“Apparently, the new system is proving highly popular. I’m not surprised…”

    The popularity is down to no longer paying tax on turnover you didn’t have (i.e. you were required to hand money to le fisc from your life savings while the business was getting off the ground).

    With the new system you still pay tax on turnover, but only when you actually get some. If your margins are more than 12% then you can actually make money. It’s quite a novel concept for the French.

    Of course, you still need to send a business plan to the French Chamber of Commerce to get permission to start your business, and they will ask your competitors whether there is sufficient demand for your services in order to see if your business plan is realistic.

    “Entrepreneur? Bien sur, nous entendons parler du mot.”

    Tim adds: “Of course, you still need to send a business plan to the French Chamber of Commerce to get permission to start your business, and they will ask your competitors whether there is sufficient demand for your services in order to see if your business plan is realistic.”

    Whaaaaat?

  11. “Whaaaaat?”

    Ah, the eternal reaction of the Anglo-Saxon when encountering something of such staggering Gallic normality that it’s hardly ever mentioned by them.

    In France, if you are to be officially self-employed you have to register. You can’t just tip up and say you’re self-employed: you have to prove you will have a viable and bona fide business. This is partly the Gallic mind at work, but also because you can’t be officially resident in France unless you’re employed, retired or self-employed. So your local Chambre de Commerce will decide whether your business is acceptable or not, and requires a watertight business plan. They have to judge whether the plan is viable to do this they ascertain whether there is sufficient demand for your services, and to do that they ask the people in the same trade in the local area.

    To quote the first sentence of pretty much any article for Brits on starting a business in France: “Setting up a business in France is complicated, but not impossible.”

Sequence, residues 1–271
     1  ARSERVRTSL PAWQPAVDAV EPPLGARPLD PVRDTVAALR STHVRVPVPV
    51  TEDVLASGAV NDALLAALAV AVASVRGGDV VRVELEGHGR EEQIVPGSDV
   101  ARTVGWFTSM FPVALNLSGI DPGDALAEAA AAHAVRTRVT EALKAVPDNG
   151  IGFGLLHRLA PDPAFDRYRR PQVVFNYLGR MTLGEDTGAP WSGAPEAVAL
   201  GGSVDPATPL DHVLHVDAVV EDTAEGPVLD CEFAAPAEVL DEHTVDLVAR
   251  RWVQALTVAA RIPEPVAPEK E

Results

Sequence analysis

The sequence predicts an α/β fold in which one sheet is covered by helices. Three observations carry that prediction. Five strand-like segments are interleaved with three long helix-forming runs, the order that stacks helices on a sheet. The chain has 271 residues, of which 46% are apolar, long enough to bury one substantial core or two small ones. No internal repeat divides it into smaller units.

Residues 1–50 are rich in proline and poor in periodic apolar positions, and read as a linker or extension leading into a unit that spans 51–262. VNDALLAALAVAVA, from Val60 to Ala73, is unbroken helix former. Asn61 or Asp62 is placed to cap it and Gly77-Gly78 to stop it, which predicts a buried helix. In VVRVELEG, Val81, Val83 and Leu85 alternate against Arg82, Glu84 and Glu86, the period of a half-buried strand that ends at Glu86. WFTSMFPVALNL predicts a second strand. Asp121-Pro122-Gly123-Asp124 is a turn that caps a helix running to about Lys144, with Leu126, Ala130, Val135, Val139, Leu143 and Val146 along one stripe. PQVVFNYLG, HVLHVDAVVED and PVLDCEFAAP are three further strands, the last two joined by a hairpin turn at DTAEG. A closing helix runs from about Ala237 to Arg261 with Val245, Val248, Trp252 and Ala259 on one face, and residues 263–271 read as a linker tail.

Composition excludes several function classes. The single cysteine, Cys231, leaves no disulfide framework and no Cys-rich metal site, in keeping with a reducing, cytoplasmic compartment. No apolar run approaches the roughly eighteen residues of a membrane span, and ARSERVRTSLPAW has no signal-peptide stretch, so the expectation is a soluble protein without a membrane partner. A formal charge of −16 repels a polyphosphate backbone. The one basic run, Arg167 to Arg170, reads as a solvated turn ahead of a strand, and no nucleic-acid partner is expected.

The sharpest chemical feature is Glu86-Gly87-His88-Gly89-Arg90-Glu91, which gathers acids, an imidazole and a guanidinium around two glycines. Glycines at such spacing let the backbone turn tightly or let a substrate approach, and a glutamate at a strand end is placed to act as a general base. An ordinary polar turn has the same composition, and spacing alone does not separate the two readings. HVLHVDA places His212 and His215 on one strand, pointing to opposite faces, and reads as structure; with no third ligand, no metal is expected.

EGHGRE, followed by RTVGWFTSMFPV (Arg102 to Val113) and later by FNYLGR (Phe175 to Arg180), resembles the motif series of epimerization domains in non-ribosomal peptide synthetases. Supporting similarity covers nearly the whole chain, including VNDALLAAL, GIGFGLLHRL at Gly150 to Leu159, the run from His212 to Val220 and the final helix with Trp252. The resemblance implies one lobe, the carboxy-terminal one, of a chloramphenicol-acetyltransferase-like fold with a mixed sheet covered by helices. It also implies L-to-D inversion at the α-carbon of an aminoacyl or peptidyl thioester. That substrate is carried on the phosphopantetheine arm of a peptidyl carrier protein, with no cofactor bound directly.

12. “Is there a case for taxing individuals’ profits instead?” (Ian B)

    That’s capital gains tax, isn’t it?

  13. “Just as a comparison, income tax is a tax on individual turnover. Is there a case for taxing individuals’ profits instead?”

    I suppose we sort of recognise that with the lower earnings threshold: income below that isn’t ‘profitable’ (in that it doesn’t cover living expenses). Which means that we ought to have a living expenses threshold that is realistic (Tim’s £11k is nearer the mark).

  14. Hang on folks.

    I haven’t been to Paris for a good many years, but in the past the Bois de Bouloigne was a notorious stamping ground for hookers.

    Now I’m quite ready to believe any nonsense about the French, I really am.

    I’m just trying to work out how the Paris Chamber of Commerce determine how many hookers the market will support, and whether aspiring new practitioners are competent….

  15. “I’m just trying to work out how the Paris Chamber of Commerce determine how many hookers the market will support, and whether aspiring new practitioners are competent….”

    I’d like to see the business plan, too.

  16. The problem here is that its too easy for the big businesses to find a way around the issue. In this case, they would reduce their turnover by separating every department and making it a business in its own right. While this is done now for accountancy reasons, the next step of having a sales department Ltd is only a small one.
    Tesco would suddenly find itself as a network of 1000’s of small businesses – all with a smaller turnover, and a smaller tax bill!

    As an indicator for this – I’m aware of a trick a few small businesses used to do to avoid becoming VAT registered back in the 1990’s – they used to have a different company every day! Suddenly the turnover dropped to 1/7th – no need to become VAT registered! – I think its been stopped now, but don’t take my word for it, ask a good accountant!

  17. Hammering high-volume, low-margin businesses?

    He couldn’t be getting at Wal-mart by any chance, no?